U.S. Senate race in Oklahoma pits storied incumbent versus potential history-making newcomer

Incumbent Inhofe looks to hold off Democratic challenger Broyles

U.S. Senate race in Oklahoma pits storied incumbent versus potential history-making newcomer
Incumbent Republican Jim Inhofe looks to hold off challenge from Democrat Abby Broyles in the U.S. Senate race in Oklahoma. (Source: KSLA)

SHREVEPORT, LA. (KSLA) - For 85-year-old Republican Sen. Jim Inhofe, who turns 86 in just weeks — he’s looking to spend another half dozen years representing Oklahoma in Washington, D.C., until the age of 92.

“I don’t feel he’s fit to run. He can’t get through an interview without notes,” claims 30-year-old Democratic challenger Abby Broyles. “He’s not longer up for being a U.S. senator.”

U.S. Sen. Jim Inhofe first got into politics in 1967.
U.S. Sen. Jim Inhofe first got into politics in 1967. (Source: KWTV/CBS)

It is part of the reason, she says, Inhofe refused to debate her in the weeks leading up to the Nov. 3 election.

“Everyone knows where I stand on every issue,” the senator answered in an email reply to a host of questions from KSLA News 12′s Doug Warner.

His campaign stated that the senator wasn’t available for an on-camera Zoom interview, but that he would reply by email to questions.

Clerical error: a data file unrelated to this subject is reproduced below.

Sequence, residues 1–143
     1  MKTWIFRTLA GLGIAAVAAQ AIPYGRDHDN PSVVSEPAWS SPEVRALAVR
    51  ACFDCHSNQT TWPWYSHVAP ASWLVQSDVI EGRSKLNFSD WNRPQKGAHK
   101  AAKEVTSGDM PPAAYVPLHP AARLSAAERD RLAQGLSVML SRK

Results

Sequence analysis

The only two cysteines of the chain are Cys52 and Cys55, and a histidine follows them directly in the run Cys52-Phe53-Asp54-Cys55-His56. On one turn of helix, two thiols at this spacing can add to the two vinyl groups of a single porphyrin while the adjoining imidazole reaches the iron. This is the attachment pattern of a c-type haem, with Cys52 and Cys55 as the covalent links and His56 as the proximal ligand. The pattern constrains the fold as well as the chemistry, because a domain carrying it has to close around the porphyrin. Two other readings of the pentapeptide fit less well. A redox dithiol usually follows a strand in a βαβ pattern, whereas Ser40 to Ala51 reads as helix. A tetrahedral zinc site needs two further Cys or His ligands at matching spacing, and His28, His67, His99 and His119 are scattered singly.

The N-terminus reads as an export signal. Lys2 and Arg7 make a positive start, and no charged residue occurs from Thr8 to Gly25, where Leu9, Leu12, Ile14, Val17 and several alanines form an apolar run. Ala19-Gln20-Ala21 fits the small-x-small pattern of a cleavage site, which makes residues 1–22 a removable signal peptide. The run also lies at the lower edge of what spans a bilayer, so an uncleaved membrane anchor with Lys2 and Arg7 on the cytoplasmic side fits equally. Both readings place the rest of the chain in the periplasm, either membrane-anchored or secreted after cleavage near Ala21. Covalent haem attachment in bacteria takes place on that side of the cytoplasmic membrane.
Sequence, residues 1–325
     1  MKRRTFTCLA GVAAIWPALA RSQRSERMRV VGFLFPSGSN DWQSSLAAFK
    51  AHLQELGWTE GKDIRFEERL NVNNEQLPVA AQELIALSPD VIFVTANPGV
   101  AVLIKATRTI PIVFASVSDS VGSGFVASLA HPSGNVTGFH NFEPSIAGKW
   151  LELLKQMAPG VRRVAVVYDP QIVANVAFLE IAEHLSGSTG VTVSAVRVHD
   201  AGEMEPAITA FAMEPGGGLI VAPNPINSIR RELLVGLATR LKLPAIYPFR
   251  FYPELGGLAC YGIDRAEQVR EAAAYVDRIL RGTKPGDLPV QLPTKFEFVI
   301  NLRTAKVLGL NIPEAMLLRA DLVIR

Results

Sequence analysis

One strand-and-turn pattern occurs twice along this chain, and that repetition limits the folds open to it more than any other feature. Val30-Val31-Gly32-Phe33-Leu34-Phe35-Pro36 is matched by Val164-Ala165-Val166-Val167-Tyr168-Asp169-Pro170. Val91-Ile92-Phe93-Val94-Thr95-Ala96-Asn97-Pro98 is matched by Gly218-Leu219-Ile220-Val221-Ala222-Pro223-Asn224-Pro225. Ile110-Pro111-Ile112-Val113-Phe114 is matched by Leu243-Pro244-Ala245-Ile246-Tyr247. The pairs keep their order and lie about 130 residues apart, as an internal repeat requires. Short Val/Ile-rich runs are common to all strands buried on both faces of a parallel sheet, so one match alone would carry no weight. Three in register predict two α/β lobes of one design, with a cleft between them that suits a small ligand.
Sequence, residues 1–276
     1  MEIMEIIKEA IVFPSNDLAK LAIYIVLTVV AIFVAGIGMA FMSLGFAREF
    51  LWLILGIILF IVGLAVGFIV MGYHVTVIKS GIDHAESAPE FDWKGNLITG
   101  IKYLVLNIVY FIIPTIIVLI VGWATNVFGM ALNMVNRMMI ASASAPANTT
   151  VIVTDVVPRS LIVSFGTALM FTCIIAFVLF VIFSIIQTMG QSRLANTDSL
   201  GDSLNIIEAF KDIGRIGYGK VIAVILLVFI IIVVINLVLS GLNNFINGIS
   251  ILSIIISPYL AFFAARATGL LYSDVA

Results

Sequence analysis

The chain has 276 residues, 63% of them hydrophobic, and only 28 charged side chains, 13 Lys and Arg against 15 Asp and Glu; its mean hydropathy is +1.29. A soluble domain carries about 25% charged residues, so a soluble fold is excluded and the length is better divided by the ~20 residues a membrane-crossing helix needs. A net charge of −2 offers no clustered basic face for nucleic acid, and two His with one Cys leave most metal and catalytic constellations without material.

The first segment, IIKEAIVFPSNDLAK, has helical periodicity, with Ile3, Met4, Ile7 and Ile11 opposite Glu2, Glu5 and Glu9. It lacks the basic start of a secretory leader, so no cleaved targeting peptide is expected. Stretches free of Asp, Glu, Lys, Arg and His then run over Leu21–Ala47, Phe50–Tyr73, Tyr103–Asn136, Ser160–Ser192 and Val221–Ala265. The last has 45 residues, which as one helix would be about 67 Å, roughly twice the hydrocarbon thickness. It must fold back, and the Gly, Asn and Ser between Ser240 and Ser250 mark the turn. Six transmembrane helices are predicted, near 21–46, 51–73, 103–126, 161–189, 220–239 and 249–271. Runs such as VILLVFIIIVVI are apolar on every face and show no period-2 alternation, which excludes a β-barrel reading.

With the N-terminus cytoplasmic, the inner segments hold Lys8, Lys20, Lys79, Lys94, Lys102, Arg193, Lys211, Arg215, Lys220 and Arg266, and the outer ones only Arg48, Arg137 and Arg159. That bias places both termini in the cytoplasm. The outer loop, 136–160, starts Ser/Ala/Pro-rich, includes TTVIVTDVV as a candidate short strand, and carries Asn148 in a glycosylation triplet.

Democratic challenger Abby Broyles
Democratic challenger Abby Broyles (Source: Abby Broyles campaign)

“It’s a shame that people would push such blatant discrimination against individuals based on nothing more than their age,” Inhofe responded to Broyles' claim of him not being fit to run.

He first got into politics in 1967 after being elected to the Oklahoma House, later as the mayor of Tulsa and eventually to the U.S. Senate in 1994, a seat he’s held ever since.

“I’m proud of what I accomplished, both for Oklahoma in the form of increased highway dollars and more resources for roads, bridges and waterways, and for the nation in the form of predictable authorizations and timely project completion,” Inhofe’s answer to a question about his long-running tenure in the U.S. Senate.

Broyles decided to enter the race after a decade as a TV news reporter in East Texas and Oklahoma City and more recently graduating law school.

“I saw how out of touch Jim Inhofe is with every day Oklahomans,” continued Broyles, explaining why she decided to enter the race.

One recent poll conducted by SoonerPoll by the CBS news affiliate in Oklahoma City, KWTV, has Inhofe with a solid 20% lead.

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